Monday, March 31, 2008
I've long been fascinated not just by the photos on the front of CDVs and Cabinet Cards but by the typography and designed on the back - or as we like to call it in the trade: the verso! You can tell a lot about a CDV or Cabinet photo without even looking at the photo sometimes just from the back. The primary information of course is who took the photo and where, although sometimes this is a little more tricky than it sounds because a single photographer or company might have two or many offices listed on the back of their cards.
It is also possible, however, to get an idea of the date of the card from the back. On the whole, the simpler the card, the older it might be. The first cards were simply stamped or very simply printed with just a brief note of the photographer. Then, as the studio photo became ever more popular, the designs proliferated. One can sometimes get a hint of date from the design of course - the very aesthetic movement designs with a superfluity of japanese devices, parasols, storks and bamboo would be no earlier than the aesthetic movement itself of course. Other indications of date from the verso of the card would include the practise of some photographers who liked to note awards won at various exhibitions: clearly the card cannoy be earlier than the latest award mentioned on the back.
This kind of dating evidence should only really be used in conjunction with what is on the front of the card. The fashions of the day need to be accounted for when trying to suggest a date for a particular photograph. My own preference is for the simpler, older designs. The later more florid designs can be fun but there is something of the simplicity of letterpress in the older ones which I like.
Saturday, March 29, 2008
I once had the bright idea that it would be great to publish a book or booklet full of short texts about Venice taken from people's postcards home - this would, of course be an excuse to collect old postcards of Venice. However, the whole plan was scuppered by the realisation that people really didn't write much if anything by way of messages on early postcards and that, when it comes down to it, I've never needed much of an excuse to collect anything!
So it was a delight today, among a handful of Venice postcards at a local fair to find this last one which actually has a message written on it and a wonderfully naive one at that: "I do not think I have sent you think picture of St Marks The Cathedral of Venice - It is a beautiful place. We go about in Gondolas here as we are surrounded by canals and there are no horses of carriages."
Just to hark back a moment to Good Friday and to that walk on an afternoon that swung between torrential showers and strong sun, here are photos taken of the Crimea monument on the seafront. I rather like the way the names of the battles are so differently shadowed on different sides of the monument. The complete set of pictures is HERE.
Thursday, March 27, 2008
There's something very exciting about the creation and announcement of a new book, so it was wonderful that this morning a prospectus from Nicolas and Frances at The Old Stile Press came through the letterbox for Green Blades from her mound by Thomas Hardy, 'a selection by Mark Cazalet who also made all the images'.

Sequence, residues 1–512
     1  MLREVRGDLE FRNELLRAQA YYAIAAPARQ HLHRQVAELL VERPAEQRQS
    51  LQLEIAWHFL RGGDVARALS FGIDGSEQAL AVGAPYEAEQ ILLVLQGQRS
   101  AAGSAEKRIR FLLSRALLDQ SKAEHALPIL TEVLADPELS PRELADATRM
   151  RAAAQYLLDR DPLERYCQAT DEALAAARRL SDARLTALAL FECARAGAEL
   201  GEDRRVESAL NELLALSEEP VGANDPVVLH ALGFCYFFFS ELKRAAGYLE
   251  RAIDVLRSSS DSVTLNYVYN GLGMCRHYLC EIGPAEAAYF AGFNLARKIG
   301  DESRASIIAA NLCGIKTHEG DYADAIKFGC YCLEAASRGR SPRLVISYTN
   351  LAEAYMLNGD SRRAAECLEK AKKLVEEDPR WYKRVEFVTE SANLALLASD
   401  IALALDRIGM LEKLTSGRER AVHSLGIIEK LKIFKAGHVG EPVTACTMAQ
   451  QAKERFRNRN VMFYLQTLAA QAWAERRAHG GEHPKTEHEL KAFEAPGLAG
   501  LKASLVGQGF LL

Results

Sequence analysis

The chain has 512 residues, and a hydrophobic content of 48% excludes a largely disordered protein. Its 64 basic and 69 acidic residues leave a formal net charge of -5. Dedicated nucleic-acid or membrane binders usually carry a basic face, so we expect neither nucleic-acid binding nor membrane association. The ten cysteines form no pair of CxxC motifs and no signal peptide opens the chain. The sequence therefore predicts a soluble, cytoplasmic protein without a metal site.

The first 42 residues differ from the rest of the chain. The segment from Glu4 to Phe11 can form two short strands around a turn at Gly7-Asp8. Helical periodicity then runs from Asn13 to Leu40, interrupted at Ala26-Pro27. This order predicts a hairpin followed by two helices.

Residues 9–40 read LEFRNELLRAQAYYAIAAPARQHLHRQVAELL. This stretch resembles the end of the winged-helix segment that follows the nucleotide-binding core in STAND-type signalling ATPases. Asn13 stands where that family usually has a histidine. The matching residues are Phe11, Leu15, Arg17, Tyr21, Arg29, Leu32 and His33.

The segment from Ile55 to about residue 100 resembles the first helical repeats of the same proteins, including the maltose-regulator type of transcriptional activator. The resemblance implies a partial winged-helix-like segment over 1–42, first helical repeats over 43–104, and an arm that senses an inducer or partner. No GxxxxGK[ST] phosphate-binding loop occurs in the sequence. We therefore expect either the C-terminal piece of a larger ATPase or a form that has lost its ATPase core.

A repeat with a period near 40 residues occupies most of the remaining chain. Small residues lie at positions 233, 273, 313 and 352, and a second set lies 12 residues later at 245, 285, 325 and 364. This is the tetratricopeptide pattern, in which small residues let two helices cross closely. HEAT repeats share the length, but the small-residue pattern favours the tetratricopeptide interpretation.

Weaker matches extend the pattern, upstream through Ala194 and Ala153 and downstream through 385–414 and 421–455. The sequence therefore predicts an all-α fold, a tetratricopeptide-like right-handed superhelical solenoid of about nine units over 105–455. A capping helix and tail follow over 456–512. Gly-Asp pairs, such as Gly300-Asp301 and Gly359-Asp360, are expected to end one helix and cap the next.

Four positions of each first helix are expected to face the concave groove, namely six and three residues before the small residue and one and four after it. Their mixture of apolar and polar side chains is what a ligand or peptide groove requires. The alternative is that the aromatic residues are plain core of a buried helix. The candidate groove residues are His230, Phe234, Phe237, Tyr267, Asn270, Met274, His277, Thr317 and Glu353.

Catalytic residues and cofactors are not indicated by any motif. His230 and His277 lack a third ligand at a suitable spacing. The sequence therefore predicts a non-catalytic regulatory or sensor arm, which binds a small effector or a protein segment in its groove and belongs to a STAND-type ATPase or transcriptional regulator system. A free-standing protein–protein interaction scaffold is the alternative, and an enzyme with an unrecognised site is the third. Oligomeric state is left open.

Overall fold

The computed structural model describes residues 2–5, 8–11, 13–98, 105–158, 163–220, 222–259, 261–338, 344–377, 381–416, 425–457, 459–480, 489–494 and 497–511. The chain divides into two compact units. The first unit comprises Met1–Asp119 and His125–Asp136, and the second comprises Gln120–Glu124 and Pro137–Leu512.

I've had the opportunity to handle this book and, apart from being immediately and obviously (from across the room) an OSP book - which of course means it is a thing of beauty - it also has some amazing images cut from wood and lino by Mark Cazalet.
I love many of the pictures but the one above is, I think my stand-out favourite simply for the power of the composition and the character of the tomb stone. However, I'm also really drawn to the cover image of two gate post used on the cover and inside because they remind me of a childhood wonder, and also the images for 'The Spell of the Rose'
Do go and look at more pictures of the book
PS. J., thank you for pointing out the final price of the photo below. I have to say I was a little surprised it went quite that high just because of its diminiutive size, but perhaps others knew things about it that I didn't.
Tuesday, March 25, 2008
I begin to see how this Flickr lark could become addictive! This rather joyless looking fellow here is Algernon Charles Swinburne, the first 'fin de siecle face' in my new Flickr set. I'm hoping to fill it with good quality pictures of both the well-known and not so well known characters of Victorian and Edwardian arts and letters. The reference to the fin de siecle is only really because it sounds good, in fact I shall try and be broader than that. At the moment, the small group is somewhat overpopulated with Bensons.
Monday, March 24, 2008
I don't collect Vintage photos for myself in any systematic way. Every now and again, though, a photo turns up that I really like for some reason - and they are not always photos of good looking you men either, just often!
This is one I going to bid for on Ebay but at the time of writing it still has a day and bit to go and is up to £30 or thereabouts which is more than I want to pay, particularly as it is so tiny. However, it is also lovely; it appears to be a very crisp and clear photo which has retained enough contrast and whose subject and is both historically and aesthetically interesting. For as long as it's valid, the link to the auction is HERE.
Saturday, March 22, 2008
Despite the fact that all the shops now seem to open on Good Friday, there is something about it here in the UK which still seems a little quiter and more relaxed than most other days. I have this notion that there are certain days of the year which always have the same kind of weather. This is nonsense of course but it is true enough, just often enough for me to continue to believe that Christmas Eve night is always cloudless, cold and crisp, Christmas day is always rather grey and mild with intermittent sunshine. And so, Good Friday by the same account is always, as it was today, bright and sunny but cold (admittedly there were a few fairly heavy downpours during the day also but we leave them to one side for the sake of my meteorological fantasy).